All students (including those on an individualized educational plan) who are enrolled in an Algebra 2 course must take the Algebra 2 end of instruction exam (EOI) in April. The EOI is administered by the state of Oklahoma and every high school in the state must give the exam. The test will be locally administered by on site staff that will ensure that testing is done according to protocols established by the state of Oklahoma. Students will have two hours to take the Algebra 2 EOI on a computer. If the two hour block ends before the student has completed the test, the student will be given additional time. The test is done completely online and all information will go directly to the testing company to be collected and scored.
All students who take Algebra 2 in the state of Oklahoma are required to take an EOI exam in April. The OSDE through local school districts administers this exam. The student will take the EOI on a computer and students will have two hours to complete the exam. If students require more time, modifications will be made to extend the testing period. The test will be given over two consecutive school days. If the test is started on a day before a break, it will be completed on the next school day. Tests are kept secure until they are taken, but the OSDE has released a blueprint of what will be on the test, which includes items such as:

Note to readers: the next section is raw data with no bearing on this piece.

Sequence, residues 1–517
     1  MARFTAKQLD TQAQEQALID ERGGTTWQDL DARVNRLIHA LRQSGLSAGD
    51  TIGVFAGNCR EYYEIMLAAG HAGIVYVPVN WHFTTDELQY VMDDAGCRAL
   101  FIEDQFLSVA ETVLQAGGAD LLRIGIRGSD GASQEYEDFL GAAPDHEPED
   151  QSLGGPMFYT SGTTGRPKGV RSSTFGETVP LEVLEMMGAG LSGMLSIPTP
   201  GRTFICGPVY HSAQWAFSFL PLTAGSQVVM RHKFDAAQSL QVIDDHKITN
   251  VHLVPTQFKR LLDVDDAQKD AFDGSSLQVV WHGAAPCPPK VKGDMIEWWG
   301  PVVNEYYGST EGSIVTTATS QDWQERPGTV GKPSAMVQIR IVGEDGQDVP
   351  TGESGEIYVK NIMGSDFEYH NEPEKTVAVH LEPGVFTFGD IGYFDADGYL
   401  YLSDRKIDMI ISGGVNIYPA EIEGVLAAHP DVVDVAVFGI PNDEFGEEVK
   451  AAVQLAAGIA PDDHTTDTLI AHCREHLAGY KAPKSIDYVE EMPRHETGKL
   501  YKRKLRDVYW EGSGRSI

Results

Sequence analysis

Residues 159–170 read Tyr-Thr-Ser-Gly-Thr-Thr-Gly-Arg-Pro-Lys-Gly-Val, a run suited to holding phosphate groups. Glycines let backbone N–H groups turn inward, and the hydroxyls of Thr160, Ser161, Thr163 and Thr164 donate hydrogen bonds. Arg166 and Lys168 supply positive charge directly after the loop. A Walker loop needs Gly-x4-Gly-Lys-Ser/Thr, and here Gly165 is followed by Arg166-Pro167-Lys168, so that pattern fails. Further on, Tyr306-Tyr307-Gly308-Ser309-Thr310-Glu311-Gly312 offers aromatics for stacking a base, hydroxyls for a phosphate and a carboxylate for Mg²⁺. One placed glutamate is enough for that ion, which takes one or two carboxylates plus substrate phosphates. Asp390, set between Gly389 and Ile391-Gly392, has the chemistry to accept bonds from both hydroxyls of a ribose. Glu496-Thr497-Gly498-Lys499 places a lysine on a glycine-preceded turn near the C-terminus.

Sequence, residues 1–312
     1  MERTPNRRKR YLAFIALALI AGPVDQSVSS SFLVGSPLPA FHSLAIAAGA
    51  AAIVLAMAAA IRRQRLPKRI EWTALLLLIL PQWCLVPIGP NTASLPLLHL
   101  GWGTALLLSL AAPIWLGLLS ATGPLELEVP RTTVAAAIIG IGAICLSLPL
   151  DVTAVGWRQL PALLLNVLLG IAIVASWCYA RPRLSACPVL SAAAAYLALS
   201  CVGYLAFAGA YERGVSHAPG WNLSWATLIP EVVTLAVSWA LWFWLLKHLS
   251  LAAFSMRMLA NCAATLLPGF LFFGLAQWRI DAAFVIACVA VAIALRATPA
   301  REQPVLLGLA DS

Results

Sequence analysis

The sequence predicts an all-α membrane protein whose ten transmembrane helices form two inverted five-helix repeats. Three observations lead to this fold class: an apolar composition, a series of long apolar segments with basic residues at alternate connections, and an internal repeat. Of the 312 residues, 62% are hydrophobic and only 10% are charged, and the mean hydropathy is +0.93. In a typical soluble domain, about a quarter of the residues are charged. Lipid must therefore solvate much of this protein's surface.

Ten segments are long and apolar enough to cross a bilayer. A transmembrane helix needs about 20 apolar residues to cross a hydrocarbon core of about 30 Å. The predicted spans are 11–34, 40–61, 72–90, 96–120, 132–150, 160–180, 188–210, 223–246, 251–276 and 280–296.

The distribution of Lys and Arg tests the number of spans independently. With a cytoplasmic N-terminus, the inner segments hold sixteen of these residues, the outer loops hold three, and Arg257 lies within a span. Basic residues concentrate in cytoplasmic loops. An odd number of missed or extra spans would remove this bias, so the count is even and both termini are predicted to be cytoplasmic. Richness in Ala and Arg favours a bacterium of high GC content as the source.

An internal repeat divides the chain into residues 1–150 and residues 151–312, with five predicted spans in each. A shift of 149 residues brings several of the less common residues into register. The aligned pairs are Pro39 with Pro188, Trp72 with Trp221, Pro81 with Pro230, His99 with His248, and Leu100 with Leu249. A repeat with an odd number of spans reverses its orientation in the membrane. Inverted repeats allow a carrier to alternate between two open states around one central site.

- Number Sense and Algebraic Operations
- Relations and Functions
- Data Analysis, Probability, & Statistics
Something that could influence results on the EOI is the ability and/or the experience of the teacher. The culture inside of a classroom could have an impact, one teacher may be very distant to her students and one may not be. A student could have started the year in the wrong class and the situation was not corrected appropriately. A student could be on an individualized educational plan and is being required to take a test without modification. A student may be experiencing a significant life event during testing.
For the end of instruction test scores, the data that the testing company releases to the schools will be used. The data from the students who participated in the study will be used. Test scores from the three control courses will be compared to test scores from the three experimental courses. To determine the curriculum that is covered, the teachers will be asked how many units of study they were able to teach before the end of instruction exam was administered.